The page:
A response to the Herald editorial on Election broadcasts

Yesterday the NZ Herald editorial supported TVNZ’s contention that election broadcasts should cease.

NickK at No Minister wrote to them about their editorial and makes valid suggestions:

In your editorial of Friday 15 May you said that democracy would be better served if election broadcasting restrictions went. I congratulate you for taking this stance and implore you to keep it going.

The Broadcasting Act 1989 contains archaic and restrictive provisions that prohibit political parties from spending their own money on TV advertising either during an election period, or outside of it.

Instead, parties must go cap-in-hand at election time to a body that uses a convoluted formula to decide how much money each party can spend on their TV advertising. Many parties have complained on this unfairness over many years. It severely punishes smaller parties, and Act has been particularly critical of it. ?
Removing this restriction and allowing political parties to spend their own money is right, and democratic. The argument that parties could spend an infinite amount of their own money on TV advertising doesn’t wash because of the cap on spending during election campaigns. If parties choose to spend all their maximum campaign spending on TV advertising, to the exclusion of billboards (for example), that should be their choice. But it is hardly democratic, especially during an election, for voters to be prevented from seeing more of one party on TV, and less of others, according to a formula set by the State.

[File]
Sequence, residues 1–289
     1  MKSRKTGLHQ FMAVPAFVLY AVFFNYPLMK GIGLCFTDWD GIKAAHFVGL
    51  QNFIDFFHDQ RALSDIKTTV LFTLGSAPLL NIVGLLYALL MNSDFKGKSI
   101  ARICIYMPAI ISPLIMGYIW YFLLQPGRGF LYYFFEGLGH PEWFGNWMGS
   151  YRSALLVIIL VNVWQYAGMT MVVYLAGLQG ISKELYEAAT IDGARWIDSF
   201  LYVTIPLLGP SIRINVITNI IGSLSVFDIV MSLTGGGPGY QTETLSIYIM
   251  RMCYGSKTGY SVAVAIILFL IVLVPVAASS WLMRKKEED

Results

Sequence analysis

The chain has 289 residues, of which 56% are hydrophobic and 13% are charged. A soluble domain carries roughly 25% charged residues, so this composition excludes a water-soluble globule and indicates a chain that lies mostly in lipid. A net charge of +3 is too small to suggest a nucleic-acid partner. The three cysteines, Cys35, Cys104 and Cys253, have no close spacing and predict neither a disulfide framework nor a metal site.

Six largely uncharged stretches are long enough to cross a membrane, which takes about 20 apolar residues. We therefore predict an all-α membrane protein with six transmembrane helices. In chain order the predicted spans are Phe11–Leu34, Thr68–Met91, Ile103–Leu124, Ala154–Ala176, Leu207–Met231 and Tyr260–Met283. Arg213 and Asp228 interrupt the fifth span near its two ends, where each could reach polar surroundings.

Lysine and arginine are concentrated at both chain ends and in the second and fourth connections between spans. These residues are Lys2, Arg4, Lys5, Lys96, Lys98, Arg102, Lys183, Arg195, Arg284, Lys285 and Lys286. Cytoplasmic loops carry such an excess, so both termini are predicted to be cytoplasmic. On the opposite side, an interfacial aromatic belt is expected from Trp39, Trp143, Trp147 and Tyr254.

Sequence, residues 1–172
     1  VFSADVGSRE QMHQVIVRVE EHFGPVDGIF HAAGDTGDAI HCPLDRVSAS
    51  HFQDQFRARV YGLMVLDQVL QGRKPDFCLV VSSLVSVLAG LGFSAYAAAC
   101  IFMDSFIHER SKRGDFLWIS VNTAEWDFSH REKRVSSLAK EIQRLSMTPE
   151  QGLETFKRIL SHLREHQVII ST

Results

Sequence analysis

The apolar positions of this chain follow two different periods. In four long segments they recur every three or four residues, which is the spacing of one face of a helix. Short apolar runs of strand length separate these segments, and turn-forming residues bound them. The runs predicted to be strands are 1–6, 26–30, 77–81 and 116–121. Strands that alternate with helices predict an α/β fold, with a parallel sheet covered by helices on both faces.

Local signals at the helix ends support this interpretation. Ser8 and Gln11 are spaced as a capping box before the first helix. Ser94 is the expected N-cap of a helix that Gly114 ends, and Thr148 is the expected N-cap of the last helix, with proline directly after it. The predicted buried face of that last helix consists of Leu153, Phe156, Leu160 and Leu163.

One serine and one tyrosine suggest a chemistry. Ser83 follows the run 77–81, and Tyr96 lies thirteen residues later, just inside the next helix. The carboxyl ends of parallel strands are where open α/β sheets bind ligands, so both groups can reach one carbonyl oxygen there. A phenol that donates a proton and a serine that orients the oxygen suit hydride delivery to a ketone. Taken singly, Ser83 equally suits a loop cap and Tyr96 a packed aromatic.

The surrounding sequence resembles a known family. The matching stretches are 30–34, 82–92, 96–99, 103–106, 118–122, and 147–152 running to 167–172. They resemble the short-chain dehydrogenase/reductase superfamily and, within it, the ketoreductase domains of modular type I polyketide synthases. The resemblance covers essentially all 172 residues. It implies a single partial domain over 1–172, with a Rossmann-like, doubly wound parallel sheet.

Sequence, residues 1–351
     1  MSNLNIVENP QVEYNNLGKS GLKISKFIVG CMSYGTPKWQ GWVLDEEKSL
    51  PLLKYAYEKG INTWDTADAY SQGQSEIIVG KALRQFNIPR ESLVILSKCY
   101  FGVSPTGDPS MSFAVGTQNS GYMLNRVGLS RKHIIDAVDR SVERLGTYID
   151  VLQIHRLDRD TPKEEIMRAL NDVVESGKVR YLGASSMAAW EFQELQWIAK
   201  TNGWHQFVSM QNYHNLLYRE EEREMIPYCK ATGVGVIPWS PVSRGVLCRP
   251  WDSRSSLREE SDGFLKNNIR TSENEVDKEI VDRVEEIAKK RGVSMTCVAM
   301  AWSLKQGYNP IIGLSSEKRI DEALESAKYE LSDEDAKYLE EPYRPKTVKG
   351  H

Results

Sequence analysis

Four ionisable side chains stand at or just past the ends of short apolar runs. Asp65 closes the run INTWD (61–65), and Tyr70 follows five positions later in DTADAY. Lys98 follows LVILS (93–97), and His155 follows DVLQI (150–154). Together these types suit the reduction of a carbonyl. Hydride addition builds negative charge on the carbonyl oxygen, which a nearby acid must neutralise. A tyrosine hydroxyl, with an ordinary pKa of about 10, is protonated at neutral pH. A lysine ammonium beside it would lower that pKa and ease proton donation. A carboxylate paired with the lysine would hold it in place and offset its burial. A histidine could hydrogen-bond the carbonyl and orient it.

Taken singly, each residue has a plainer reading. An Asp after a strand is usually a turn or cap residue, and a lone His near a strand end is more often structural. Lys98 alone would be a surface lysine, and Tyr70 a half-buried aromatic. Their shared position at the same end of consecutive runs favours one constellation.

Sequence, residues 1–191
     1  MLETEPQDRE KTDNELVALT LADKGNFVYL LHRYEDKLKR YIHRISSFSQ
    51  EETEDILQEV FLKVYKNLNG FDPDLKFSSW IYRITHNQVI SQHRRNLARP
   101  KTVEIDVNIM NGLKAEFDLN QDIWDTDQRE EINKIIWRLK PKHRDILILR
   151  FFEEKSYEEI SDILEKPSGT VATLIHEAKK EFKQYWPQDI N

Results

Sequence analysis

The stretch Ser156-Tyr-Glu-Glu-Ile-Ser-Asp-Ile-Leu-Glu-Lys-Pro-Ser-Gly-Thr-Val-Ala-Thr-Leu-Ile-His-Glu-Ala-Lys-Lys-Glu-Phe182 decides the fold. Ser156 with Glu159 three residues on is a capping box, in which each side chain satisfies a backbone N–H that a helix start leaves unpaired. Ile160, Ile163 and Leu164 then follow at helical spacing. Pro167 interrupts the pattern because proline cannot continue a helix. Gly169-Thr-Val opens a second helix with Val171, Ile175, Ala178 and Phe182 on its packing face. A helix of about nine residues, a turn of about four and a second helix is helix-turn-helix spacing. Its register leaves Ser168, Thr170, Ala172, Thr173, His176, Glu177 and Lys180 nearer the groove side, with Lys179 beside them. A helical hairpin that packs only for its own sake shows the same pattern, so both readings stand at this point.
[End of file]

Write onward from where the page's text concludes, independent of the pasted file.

The other very relevant factor is TV itself. As a medium for political advertising, it was great in the 1960’s and 1970’s. But TV itself is losing viewership to the internet and other electronic modes. Political parties should also be free to explore all of this advertising capability for themselves, within the campaign spending limits that currently exist.

So indeed, democracy would be better served if election broadcasting restrictions went. But the solution is not for parties to have an allocation of public funds for TV time. They should be free to use their own money in the way that they decide will best reach their potential voters. As you rightly point out, they may well decide Saturday night prime time TV is not ideal for their purpose, but surely only parties should make that decision.

Very sensible stuff.

The law is archaic and protects incumbents.

There should be no restriction on anyone, let alone political parties and third parties creating and paying for their own advertising.

Remove the state funding and let the market dictate.


– No Minister